Debunking common myths

With so much (often conflicting) info out there, it’s no wonder why so many of us are confused about recycling, composting and sustainability.

Don’t worry though, we’ve debunked (or affirmed) some common sustainability myths to help ease the confusion.

Myth 1: Kerbside recycling does not get recycled in Australia

Good news! This is false.

Kerbside recycling, which is the process of putting your recyclable products into your recycle bin for collection, is an effective process that really is helping our planet.

Data from late 2018 suggests that between 84% and 96% of kerbside recycling is recycled, which is significantly better than not recycling at all. Although we’re still waiting on more recent data, it appears as though more and more products are being recycled every year. With Australia increasing its material recovery facility (MRF) capabilities and only 12% of our recycling being exported as of 2019, it’s safe to say we can put our trust in kerbside recycling.

Myth 2: Compostable products are more sustainable than soft plastics products 

The answer here is: it depends.

Firstly, we need to define compostable. Compostable often refers to commercial compostable, which means that a product will generally be broken down into organic materials under specific circumstances i.e. not your worm farm or home organic waste. Instead commercial compostable materials can only be broken down in a commercial setting – meaning it has to be sent to a facility that has machinery to compost the item. This is in contrast to biodegradable, which is a loose term that means the product will break down over an unspecified period of time. To discuss this myth, we’ll be talking about compostable products.

 Compostable products are generally made from plant-based materials such as corn and are marketed as an alternative to single-use products. However, as you often can’t repurpose the compostable material into something else after you’ve used it, they are technically single use too. In contrast, soft plastics can be melted and broken down to create something else, which is better for the planet in the long run. This process also uses less energy than what is required to break down compostable materials.

However, compostable products are preferred over soft plastics in situations where the plastic becomes heavily contaminated with food or other organic materials. In this case, the soft plastic cannot be put in kerbside recycling or be melted down using REDcycle, which means opting for a compostable alternative is preferred.

When it comes to choosing compostable or soft plastic products, select the best option depending on the situation you’re in. As a general rule, if you choose compostable products, make sure you have the means to compost them. This means you’ll need access to a commercial composting facility or live in a council that accepts compostable materials. It’s always good to check the resources available to you, and if you don’t have access, then opt for soft plastics instead.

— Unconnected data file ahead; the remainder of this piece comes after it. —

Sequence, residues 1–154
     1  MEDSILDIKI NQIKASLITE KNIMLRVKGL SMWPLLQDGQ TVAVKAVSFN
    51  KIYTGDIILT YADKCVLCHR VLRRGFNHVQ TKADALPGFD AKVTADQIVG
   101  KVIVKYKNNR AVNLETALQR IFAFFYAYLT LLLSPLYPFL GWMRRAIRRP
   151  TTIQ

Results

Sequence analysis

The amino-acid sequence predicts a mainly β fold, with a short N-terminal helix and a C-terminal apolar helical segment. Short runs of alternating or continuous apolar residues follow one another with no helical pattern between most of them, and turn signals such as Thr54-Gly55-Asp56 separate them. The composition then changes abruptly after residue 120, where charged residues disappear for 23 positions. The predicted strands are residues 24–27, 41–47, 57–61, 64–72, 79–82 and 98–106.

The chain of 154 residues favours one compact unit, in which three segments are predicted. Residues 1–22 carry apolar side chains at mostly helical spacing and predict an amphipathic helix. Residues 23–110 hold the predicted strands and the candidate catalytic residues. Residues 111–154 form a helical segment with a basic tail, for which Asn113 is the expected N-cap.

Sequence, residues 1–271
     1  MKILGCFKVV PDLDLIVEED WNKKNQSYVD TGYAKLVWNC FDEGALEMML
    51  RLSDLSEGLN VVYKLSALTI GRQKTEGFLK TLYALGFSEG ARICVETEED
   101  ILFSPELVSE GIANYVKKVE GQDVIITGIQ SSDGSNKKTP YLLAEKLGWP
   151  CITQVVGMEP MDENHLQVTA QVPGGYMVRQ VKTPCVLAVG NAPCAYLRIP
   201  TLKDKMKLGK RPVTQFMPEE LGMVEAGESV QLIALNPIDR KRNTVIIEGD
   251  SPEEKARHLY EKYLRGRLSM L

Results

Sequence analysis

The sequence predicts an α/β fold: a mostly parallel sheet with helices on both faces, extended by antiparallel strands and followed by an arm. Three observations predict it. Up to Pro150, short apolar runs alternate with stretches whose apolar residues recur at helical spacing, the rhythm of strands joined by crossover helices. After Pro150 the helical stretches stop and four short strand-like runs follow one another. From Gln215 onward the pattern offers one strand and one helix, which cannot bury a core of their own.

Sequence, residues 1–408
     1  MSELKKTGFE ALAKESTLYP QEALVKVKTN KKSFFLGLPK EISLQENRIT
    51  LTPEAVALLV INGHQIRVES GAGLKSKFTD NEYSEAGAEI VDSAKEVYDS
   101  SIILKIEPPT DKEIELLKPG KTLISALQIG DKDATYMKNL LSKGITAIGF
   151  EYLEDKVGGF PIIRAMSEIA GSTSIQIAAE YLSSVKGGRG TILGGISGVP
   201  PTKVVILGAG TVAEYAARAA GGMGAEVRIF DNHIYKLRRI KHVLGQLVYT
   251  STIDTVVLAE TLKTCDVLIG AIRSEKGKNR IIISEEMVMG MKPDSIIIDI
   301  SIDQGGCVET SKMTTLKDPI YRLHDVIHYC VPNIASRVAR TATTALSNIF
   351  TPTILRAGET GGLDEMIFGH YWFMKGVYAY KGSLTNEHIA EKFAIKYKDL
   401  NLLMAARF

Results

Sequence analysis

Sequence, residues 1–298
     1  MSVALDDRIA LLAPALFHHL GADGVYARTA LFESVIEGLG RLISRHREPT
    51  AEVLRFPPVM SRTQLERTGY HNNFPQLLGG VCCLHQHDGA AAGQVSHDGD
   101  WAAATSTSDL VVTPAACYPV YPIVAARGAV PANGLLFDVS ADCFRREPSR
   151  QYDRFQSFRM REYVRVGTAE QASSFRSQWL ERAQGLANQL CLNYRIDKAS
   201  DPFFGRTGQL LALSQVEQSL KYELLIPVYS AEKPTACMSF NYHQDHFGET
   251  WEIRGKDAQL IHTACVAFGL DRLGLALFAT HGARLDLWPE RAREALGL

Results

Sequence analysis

Myth 3: All plastic is bad

Contrary to popular belief, not all plastic is bad. There is such a vast variety of plastics out there, it’s single-use plastics that are the bad guy.

So what are single-use plastics? This type of plastic is something that you only use once, whether that be drinking out of a straw, using plastic cutlery, eating from takeaway containers, using cotton bud sticks or unwinding with a face mask.

Many states like Victoria and New South Wales are in the process of banning sales of these single-use products, which will help all of us make the switch away from single-use products and turn towards reducing our environmental impact.

Other plastics such as soft plastics can actually be good for the planet because they can be melted down and made into something else. Bread bags, chip bags and glad wrap can all be recycled in REDcycle facilities to allow us to repurpose these plastics again. Plus good news: recycling these soft plastics requires less energy than making the plastic from scratch. 

Myth 4: Being zero waste is hard

More good news! Living a zero waste lifestyle doesn’t have to be hard. In fact, it’s just about educating yourself and making changes that suit your lifestyle. For example - there’s no pressure to have a worm farm at home if you don’t have the space or time to set one up – you can still help the planet by dropping your compost off to a neighbour on ShareWaste.

Making small, meaningful changes to the way you live is one of the best ways to help the zero waste movement. If you’re looking for more in-depth eco tips, check out The Good Give. 

Myth 5: Recycling uses more energy than disposing products in landfill 

Yes, it’s true that recycling uses more energy than simply disposing waste into landfill. However, it uses much less energy than if manufacturers had to create virgin materials every time we wanted to use something.

It makes sense that disposing in landfill doesn’t use any active energy because those products just sit there. That’s the issue. Disposing in landfill will also produce more CO2 than recycling, which combined with having to create new products every time is much more environmentally damaging than recycling. 

So, that just about wraps us up ... but we know that you might have a few more questions - contact us and leave a question and we'll get back to you :) (or maybe we'll even make a blog post about it!) 

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